In an editorial in yesterday's Louisville Courier-Journal, Lawrence Krauss sounds the alarm bells over a new creation science museum in Northern Kentucky. Possessed by something other than the scientific spirit of open-mindedness, Krauss urges parents to bring suit against any school system that uses public funds to take children to the museum, and calls on the media and government officials to take action.
What is Krauss so worried about?
Krauss is upset because the $27 million Creation Museum institutionalizes a "scientific lie" that could influence thousands of people. Ken Ham’s museum, he frets, is "within a day's drive of two-thirds of the U.S. Population." He seems to envision a vast migration of humanity, hungry for a look at the museum's giant robotic dinosaurs, who will then return home having abandoned all belief in modern science.
Many of Krauss's readers (some of whom, like myself, read his article over the Internet) can be excused for wondering why, in the age of iPods, laptops, and cellphones, anyone would be haranguing newspaper readers with the message that the end of science is at hand.
But if Krauss, a scientist at Case Western Reserve, really thinks deceiving the masses with inaccurate scientific information is so "dangerous," he ought to check out his own professional backyard.
For years, science textbooks carried illustrations of developing human embryos that were used to demonstrate the belief that individual embryos followed the same developmental pattern as the human species itself. However, many of these drawings turned out to have been faked, overstating the similarities between individual and species development.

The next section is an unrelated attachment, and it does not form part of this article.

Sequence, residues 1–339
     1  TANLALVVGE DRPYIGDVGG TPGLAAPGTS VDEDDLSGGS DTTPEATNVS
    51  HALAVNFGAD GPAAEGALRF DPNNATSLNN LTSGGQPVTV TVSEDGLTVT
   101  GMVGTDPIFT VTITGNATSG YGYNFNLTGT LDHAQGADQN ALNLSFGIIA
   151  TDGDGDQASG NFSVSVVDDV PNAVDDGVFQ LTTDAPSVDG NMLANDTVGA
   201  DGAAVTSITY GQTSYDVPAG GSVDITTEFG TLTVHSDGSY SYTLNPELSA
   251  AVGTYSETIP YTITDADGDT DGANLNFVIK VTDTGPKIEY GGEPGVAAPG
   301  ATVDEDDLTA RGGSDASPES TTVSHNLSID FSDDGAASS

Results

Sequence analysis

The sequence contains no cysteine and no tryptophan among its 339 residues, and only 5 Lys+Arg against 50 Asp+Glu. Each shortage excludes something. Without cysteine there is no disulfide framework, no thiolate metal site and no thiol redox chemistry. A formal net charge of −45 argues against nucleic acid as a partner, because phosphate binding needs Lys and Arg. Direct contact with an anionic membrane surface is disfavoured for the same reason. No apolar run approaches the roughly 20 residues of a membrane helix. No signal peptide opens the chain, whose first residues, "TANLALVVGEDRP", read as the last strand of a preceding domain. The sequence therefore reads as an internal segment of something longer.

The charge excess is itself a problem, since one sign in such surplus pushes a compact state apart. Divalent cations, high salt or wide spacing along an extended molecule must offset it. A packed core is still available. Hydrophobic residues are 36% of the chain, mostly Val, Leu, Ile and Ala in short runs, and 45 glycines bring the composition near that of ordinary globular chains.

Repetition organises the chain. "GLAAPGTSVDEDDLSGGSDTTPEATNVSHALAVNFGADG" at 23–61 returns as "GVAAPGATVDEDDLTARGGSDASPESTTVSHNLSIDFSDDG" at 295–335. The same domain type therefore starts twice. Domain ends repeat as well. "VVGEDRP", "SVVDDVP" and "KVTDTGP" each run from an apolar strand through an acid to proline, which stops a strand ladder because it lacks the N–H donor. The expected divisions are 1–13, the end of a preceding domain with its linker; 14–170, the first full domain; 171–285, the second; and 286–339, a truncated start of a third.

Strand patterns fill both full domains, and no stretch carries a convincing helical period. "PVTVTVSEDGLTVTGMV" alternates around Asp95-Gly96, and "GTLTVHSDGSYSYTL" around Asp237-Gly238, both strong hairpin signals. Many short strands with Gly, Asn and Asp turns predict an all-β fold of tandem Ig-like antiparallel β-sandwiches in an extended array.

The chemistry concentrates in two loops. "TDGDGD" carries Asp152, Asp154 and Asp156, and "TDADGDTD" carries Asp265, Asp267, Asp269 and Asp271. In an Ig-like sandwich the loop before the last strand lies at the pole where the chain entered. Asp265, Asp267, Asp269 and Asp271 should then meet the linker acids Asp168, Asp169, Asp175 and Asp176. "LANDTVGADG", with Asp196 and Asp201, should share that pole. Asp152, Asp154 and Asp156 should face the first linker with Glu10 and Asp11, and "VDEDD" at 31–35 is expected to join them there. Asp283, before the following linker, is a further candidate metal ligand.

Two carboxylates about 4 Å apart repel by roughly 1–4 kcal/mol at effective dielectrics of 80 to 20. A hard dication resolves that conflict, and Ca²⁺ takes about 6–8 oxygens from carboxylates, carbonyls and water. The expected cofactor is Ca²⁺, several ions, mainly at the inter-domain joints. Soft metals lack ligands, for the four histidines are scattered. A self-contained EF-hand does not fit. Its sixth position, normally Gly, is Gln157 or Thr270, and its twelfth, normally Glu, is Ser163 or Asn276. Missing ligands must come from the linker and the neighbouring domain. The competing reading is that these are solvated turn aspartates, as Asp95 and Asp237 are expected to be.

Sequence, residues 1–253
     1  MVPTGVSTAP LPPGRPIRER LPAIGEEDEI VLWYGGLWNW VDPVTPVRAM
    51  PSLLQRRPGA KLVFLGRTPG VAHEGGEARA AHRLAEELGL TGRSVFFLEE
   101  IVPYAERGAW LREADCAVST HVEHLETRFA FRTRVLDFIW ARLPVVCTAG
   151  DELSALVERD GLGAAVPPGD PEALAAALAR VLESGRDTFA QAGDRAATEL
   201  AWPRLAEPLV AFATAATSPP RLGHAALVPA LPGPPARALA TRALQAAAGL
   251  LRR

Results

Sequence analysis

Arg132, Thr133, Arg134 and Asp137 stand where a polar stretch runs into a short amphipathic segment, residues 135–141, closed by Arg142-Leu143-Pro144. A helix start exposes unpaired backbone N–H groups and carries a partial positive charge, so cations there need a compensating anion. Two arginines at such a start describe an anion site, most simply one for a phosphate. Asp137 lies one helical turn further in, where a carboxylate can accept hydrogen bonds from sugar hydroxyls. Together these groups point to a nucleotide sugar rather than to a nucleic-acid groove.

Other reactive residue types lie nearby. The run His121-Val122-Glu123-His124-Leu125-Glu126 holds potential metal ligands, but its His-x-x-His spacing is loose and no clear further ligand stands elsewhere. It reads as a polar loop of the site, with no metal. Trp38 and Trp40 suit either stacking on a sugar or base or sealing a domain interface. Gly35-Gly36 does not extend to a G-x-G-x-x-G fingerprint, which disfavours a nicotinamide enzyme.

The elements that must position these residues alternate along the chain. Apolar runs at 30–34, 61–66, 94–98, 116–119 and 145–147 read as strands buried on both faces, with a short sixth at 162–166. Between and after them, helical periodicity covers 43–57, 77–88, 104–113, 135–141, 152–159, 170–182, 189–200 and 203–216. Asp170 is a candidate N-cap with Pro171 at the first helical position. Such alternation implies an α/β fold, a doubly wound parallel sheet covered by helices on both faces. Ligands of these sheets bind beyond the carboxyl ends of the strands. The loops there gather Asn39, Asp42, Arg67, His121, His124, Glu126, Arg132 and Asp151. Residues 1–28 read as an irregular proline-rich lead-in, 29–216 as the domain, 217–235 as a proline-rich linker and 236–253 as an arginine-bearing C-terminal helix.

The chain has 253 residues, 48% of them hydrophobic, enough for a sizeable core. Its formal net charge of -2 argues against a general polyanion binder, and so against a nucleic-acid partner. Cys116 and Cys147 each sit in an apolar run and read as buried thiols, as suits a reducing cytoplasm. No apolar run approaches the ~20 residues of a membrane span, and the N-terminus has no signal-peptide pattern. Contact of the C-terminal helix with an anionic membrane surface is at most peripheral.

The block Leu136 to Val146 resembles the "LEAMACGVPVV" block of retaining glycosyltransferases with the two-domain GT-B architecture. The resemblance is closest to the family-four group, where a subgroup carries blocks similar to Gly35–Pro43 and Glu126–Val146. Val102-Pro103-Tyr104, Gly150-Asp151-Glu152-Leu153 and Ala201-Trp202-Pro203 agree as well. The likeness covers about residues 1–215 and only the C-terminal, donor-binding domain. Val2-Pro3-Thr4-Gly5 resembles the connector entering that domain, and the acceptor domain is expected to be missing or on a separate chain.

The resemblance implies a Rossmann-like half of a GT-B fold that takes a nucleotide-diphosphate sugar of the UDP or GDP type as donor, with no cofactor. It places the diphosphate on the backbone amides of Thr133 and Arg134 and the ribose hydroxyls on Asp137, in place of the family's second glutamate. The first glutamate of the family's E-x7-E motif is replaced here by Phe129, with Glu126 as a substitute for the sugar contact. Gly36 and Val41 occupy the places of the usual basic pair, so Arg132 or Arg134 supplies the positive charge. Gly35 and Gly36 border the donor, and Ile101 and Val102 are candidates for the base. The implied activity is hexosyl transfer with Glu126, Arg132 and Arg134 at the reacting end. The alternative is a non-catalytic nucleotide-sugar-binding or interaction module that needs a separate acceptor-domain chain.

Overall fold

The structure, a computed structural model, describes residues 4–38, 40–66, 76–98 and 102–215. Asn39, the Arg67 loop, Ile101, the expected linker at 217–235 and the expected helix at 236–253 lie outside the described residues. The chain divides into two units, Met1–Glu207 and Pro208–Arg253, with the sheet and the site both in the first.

Students were also told that peppered moths in English woodlands near polluted cities were black, in contrast to white moths with black speckles that predominated elsewhere, making them less visible to predators when they rested on tree trunks: a clear example of animals adapting to their environment. But it turned out that peppered moths almost never rest on the outside of tree trunks as the pictures in textbooks showed. Furthermore, these pictures were staged, and some of them featured dead moths either glued or pinned to the trees.
These and other inaccuracies helped to convince a generation of students of the unquestionable truth of Darwin's theory, and textbooks continued to carry them long after many of them were recognized as discredited by the scientific community itself. Some reportedly still carry them.
If Krauss thinks scientific misinformation is so dangerous, why isn't he concerned about these inaccuracies, which have influenced far more students than will ever even hear about Ken Ham's Creation Museum?
Krauss doesn't present a single scientific argument in his entire article, perhaps because has no interest in actually debating views that differ from his own. Such a dogmatic attitude is at least understandable when expressed by people who believe they have a direct revelation from God. Dogmatism is somehow a little easier to swallow when it comes from people who admit to having dogmas, but it is much harder to stomach when it comes from a group of people who make such a show of intellectual openness, respect for open inquiry, and, presumably, some degree of tolerance for alternative beliefs.
Scientists like Krauss, so eager to stamp out divergent opinions on scientific issues, should read Walter Isaacson's new biography of Albert Einstein, who had a penchant for challenging scientific orthodoxies--much to the chagrin of the Lawrence Krauss's of his time. This is one of the ways, in fact, that science advances—when unpopular theories unseat popular ones.
Is Ken Ham's view of the origins of life likely to upend the scientific consensus anytime soon? Of course not. But the least we nonscientists viewing this issue from the outside should be able to expect is a debate--as opposed to an inquisition.
As we read alarmist calls to silence creationists, we should ask ourselves who is more dangerous: an operator of a creationist museum in a small Kentucky town who wants to tell people who choose to visit the facility (and who already agree with him anyway) that the earth is not as old as most scientists think it is? Or dogmatic scientists like Krauss who enjoy an unchallenged control over the nation's curriculum and who want to stamp out all dissent?
Ken Ham's giant robotic dinosaurs may look scary, but we have far more to fear from the alarmist and dogmatic intolerance of people like Lawrence Krauss.